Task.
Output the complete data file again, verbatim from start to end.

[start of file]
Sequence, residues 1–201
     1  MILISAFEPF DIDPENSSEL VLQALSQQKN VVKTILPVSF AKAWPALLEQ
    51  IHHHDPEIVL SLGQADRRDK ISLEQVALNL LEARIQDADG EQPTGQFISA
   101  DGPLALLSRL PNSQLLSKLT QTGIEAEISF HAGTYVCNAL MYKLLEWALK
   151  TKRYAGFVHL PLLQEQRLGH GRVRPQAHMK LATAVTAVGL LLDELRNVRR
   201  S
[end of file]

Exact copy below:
Sequence, residues 1–201
     1  MILISAFEPF DIDPENSSEL VLQALSQQKN VVKTILPVSF AKAWPALLEQ
    51  IHHHDPEIVL SLGQADRRDK ISLEQVALNL LEARIQDADG EQPTGQFISA
   101  DGPLALLSRL PNSQLLSKLT QTGIEAEISF HAGTYVCNAL MYKLLEWALK
   151  TKRYAGFVHL PLLQEQRLGH GRVRPQAHMK LATAVTAVGL LLDELRNVRR
   201  S